Divorce can have a severe impact on children -- hurting their performance in math, increasing their anxiety and short-circuiting their social skills -- but not necessarily as soon as families and family therapists expect it.
While research has shown that children struggle with divorce, a study released Thursday by the University of Wisconsin-Madison is one of the first to determine just when those struggles emerge.
Reviewing the test scores and social well-being of 142 grade-school children with divorced parents, researcher Hyun Sik Kim was surprised to find no significant decline in the months leading up to their parents' divorces.
It was only during the divorces themselves that struggles emerged.
And two years later, the children remained behind their classmates from two-parent homes.
"They do not recover fully," Kim said, "and they do not catch up with other children from intact families."
Kim's findings were not a surprise to Twin Cities' counselors and attorneys. For children, there's a difference "between parents just fighting, and fighting and divorcing," said Phyl Bean, a Bloomington lawyer.
"While the parents are still together, they've got predictability and some sort of stability, even though it's bad," she said. "Once the divorce has started, then they've really got to face that issue."
Kim found that in the fall of kindergarten, kids in the study whose parents would eventually divorce scored 3 to 4 points lower on standardized math tests. By fifth grade, when the children's parents had divorced, their math scores were 7 to 10 points lower than those of children from two-parent homes. There was no difference in reading scores.
Kim said a decline in math was more likely because a divorce could derail children's learning of key early concepts -- making it harder for them to grasp complicated math lessons later on.
Kim also found that children internalized more grief and anxiety during and after divorces, but weren't more likely to act out through fighting or aggression.
Baseball without dad
The findings sounded familiar to Karin, a divorced Twin Cities mother whose son is 10 and daughter is 5. (She asked that her last name not be used because of a restraining order against an abusive ex-husband.) Her son was in kindergarten at the time of the divorce and was affected in ways she didn't see at the time, she said. Her son has since struggled with depression.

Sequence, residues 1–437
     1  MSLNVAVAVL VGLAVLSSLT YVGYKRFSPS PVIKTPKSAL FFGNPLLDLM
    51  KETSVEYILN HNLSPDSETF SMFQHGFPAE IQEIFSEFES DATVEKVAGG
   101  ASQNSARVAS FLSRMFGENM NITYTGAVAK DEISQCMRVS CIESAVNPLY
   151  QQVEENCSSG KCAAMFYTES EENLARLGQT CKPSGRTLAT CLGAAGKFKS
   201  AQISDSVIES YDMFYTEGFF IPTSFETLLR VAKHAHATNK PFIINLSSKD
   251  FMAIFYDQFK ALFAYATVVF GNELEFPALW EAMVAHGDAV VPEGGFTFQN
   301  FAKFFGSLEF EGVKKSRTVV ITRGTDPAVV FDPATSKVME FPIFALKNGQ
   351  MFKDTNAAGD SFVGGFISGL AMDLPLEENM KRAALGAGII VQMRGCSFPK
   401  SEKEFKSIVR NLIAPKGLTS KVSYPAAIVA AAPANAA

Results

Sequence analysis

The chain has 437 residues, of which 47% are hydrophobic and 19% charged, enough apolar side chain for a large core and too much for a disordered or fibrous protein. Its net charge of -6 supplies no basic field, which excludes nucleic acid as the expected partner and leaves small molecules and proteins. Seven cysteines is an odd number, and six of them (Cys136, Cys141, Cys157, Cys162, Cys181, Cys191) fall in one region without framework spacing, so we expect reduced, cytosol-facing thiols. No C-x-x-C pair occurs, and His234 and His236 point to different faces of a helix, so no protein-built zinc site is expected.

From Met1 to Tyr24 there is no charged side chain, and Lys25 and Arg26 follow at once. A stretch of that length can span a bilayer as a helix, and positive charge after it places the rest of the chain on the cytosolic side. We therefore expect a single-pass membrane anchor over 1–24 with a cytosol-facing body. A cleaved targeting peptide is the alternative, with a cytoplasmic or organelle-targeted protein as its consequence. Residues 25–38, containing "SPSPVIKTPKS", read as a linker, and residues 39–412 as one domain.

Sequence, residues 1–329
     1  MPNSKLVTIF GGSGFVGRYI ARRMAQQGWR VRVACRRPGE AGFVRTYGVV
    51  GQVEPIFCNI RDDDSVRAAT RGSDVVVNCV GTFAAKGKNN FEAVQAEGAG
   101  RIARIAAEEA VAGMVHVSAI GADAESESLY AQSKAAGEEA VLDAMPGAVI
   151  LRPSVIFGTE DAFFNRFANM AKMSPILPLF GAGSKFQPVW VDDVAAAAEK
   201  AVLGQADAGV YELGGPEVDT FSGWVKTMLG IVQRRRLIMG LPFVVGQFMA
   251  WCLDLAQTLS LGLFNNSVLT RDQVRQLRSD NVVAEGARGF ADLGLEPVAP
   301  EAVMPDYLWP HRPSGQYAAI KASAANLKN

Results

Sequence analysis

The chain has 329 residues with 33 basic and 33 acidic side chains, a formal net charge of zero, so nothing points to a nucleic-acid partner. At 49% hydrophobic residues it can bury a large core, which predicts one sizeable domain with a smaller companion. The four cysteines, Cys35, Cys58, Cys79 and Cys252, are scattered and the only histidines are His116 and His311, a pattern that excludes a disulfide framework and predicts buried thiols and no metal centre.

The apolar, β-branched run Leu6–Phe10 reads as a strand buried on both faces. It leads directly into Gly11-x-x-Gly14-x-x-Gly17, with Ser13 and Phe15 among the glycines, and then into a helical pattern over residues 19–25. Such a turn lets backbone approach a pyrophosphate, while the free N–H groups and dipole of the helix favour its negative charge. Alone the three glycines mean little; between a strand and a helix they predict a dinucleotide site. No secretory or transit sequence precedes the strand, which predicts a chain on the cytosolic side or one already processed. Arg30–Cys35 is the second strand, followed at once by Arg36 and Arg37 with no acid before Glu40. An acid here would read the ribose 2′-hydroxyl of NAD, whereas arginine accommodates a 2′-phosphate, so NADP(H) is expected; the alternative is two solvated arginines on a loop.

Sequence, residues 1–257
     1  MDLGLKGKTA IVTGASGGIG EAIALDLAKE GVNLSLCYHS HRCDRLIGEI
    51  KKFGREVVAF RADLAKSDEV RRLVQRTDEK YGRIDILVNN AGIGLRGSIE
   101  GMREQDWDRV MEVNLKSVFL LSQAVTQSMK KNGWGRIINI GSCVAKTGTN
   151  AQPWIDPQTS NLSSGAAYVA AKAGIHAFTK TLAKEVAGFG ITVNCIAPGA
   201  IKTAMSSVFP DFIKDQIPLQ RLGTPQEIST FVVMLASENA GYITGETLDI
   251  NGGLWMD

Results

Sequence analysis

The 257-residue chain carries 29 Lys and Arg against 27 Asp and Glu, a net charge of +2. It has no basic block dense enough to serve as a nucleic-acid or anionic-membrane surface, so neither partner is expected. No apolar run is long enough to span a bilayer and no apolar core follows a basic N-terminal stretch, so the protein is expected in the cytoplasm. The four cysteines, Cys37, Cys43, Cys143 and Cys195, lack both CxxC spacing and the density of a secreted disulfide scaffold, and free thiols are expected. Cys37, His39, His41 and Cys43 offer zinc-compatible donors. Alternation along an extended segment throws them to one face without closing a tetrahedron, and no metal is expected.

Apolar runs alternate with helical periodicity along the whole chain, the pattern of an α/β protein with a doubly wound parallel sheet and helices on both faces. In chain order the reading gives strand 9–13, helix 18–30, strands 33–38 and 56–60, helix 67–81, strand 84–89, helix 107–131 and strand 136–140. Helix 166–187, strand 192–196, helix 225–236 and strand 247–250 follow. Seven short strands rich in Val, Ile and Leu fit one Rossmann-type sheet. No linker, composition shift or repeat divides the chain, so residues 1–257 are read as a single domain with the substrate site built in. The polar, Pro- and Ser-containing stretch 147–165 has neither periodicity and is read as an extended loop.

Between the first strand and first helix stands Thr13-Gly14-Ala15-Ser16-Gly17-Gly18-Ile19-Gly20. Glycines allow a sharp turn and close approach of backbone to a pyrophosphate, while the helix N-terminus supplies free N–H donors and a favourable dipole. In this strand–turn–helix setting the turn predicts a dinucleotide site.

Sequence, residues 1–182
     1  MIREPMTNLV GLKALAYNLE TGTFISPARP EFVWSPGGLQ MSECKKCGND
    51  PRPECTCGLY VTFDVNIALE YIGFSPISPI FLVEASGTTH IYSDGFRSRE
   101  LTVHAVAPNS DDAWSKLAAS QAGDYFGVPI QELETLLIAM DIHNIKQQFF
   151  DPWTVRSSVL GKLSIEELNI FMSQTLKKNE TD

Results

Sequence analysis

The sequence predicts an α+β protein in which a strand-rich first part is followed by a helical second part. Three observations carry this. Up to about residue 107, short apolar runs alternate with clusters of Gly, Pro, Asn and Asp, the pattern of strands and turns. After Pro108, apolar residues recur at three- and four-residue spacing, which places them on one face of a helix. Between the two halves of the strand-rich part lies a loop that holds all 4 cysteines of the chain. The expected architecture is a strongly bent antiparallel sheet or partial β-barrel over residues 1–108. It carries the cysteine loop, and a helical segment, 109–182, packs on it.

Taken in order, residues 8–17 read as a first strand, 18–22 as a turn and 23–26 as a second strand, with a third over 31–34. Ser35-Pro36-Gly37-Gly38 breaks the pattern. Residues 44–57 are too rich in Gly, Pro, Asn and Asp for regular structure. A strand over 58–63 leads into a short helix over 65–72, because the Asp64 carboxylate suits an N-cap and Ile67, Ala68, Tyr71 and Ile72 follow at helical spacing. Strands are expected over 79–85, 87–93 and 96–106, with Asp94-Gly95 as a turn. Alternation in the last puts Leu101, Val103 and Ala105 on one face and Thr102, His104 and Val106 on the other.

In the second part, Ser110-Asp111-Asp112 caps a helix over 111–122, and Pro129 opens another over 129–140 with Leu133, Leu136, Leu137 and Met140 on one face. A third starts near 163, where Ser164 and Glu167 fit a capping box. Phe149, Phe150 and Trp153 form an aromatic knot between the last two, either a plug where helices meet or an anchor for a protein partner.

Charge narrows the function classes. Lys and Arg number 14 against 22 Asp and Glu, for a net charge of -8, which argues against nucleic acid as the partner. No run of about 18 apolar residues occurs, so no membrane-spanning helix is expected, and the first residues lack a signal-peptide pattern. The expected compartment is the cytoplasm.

"It's hard because you're in a very fragile state," she said. "You're still focusing on your pain and your issues, and you're exhausted. Even if you're not telling [your children] what's going on, they can sense it."
Reminders of living without a father are everywhere, she added. In youth baseball, her son hit the ball on his first try but didn't know what to do next and chased after the ball.
"As a woman, it never occurred to me that he's not going to know stuff like that," she said, "stuff most boys know."
Kim's study, published in the American Sociological Review, has limitations in that it is based on a decade-old database that examined only grade-school children.
Divorce can be hard on children of all ages, experts said, and can particularly frustrate adolescents as they figure out their own identities. Grade-school children can struggle because they are old enough to know what is going on, but too young to understand that they aren't alone, said Tamara Stark, director of youth and family services for Tubman, a Minneapolis-based counseling and support agency.
Stark said the key, whether separating parents are married or not, is to give children as much stability as possible -- letting them know they are still loved, that they still will attend school and see friends, and that other children like them have experienced divorces.
"A big part is the parents learning new ways to cope emotionally," she said, "so they're not bearing that burden on their children."